Around this time of year, I always re-think some of the central assumptions of economics. This is because I have to explain them to new undergraduates, most of whom have no background in economics.
On Friday, a co-worker told me about a television news story she had seen that morning.
The blue lights flash; it’s time to pull the car over. You were speeding and you know it, but you’re a little frustrated because you were in a hurry.
Last week, we celebrated the anniversary of our country’s birth as the world’s greatest democracy. In another part of the world, a fledgling democracy may have come to an end.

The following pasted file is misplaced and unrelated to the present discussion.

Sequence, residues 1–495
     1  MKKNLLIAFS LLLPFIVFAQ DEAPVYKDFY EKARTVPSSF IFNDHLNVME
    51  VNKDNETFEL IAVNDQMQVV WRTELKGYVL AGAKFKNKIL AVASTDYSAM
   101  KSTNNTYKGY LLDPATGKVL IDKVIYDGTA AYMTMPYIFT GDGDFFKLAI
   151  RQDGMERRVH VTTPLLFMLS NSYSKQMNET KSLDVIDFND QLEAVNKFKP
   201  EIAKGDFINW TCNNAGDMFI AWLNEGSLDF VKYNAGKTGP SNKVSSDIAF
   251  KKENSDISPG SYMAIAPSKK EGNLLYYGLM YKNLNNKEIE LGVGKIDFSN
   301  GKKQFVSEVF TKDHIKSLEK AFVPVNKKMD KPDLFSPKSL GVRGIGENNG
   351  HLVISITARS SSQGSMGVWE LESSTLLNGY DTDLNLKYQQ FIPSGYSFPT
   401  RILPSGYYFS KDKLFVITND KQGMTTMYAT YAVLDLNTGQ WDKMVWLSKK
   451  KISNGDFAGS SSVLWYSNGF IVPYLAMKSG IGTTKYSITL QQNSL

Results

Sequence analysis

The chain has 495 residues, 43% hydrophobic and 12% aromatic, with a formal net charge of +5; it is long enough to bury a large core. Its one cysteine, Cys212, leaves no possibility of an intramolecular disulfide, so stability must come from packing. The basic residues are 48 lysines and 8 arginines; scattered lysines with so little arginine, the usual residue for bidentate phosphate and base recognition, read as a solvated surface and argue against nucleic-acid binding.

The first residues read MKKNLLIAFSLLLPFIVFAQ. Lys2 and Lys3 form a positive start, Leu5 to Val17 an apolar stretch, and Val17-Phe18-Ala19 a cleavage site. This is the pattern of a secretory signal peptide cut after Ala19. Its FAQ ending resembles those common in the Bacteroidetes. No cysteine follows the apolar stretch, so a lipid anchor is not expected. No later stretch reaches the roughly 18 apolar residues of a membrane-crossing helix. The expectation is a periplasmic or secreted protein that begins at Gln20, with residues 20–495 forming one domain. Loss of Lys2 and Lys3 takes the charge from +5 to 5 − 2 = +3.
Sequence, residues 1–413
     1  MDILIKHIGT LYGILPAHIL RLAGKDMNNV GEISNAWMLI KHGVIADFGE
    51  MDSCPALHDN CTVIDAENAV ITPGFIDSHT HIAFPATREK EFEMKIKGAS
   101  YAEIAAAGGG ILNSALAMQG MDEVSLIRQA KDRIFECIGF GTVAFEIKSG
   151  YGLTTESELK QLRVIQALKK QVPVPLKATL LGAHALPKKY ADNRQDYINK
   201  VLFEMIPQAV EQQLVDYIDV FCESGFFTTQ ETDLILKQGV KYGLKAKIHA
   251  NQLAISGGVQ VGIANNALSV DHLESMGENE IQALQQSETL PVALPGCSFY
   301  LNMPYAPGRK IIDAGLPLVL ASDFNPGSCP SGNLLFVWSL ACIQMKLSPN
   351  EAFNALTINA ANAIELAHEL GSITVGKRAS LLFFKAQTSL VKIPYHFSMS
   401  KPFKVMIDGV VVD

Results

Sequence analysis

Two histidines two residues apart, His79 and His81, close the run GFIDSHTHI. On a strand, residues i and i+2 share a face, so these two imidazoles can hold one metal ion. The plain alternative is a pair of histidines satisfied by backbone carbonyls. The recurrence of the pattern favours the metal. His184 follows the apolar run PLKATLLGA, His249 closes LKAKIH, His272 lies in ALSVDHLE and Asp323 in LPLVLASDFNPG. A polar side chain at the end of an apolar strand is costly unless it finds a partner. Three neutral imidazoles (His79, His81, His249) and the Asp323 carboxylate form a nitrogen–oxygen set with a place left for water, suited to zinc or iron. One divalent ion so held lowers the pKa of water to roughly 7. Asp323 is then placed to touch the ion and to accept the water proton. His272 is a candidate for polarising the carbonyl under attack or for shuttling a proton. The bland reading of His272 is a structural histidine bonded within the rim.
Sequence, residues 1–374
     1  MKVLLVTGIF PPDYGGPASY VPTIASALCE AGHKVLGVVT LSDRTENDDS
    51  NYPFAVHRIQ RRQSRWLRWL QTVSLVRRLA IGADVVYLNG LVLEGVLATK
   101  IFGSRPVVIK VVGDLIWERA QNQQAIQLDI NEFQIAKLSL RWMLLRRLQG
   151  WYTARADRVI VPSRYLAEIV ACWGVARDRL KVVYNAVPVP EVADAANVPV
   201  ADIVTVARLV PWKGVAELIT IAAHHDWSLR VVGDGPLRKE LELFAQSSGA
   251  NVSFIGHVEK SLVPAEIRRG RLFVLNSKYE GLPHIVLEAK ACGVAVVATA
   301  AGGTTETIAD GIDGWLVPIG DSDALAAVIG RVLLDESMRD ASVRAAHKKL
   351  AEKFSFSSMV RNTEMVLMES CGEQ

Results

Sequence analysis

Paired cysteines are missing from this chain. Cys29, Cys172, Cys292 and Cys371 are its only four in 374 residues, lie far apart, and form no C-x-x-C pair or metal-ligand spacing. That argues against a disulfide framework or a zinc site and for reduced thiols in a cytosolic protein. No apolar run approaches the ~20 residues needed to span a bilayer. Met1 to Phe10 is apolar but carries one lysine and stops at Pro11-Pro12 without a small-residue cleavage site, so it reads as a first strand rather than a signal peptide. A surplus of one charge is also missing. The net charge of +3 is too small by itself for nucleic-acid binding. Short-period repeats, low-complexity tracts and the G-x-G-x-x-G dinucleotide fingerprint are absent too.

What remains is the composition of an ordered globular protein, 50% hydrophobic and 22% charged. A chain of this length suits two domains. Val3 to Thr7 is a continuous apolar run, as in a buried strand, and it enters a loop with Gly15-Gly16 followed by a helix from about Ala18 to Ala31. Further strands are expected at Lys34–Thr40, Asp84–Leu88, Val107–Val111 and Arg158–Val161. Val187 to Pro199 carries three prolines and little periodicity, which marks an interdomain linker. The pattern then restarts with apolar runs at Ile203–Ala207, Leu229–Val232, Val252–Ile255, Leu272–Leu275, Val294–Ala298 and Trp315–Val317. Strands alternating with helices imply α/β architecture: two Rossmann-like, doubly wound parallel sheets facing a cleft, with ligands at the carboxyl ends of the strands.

Monroe is a diverse city whose residents come from several different cultures. The Hispanic community in particular is growing, and it has been challenging for the city, including the police department, to build relationships and communicate with them.
“I don’t want to talk to that damn Yankee.”
Shortly after I became General Manager of The Daily Journal in Rockingham, N.C. in 1989, a subscriber visiting the newspaper’s office expressed that sentiment when asked if he would like to speak with me about a change in the newspaper.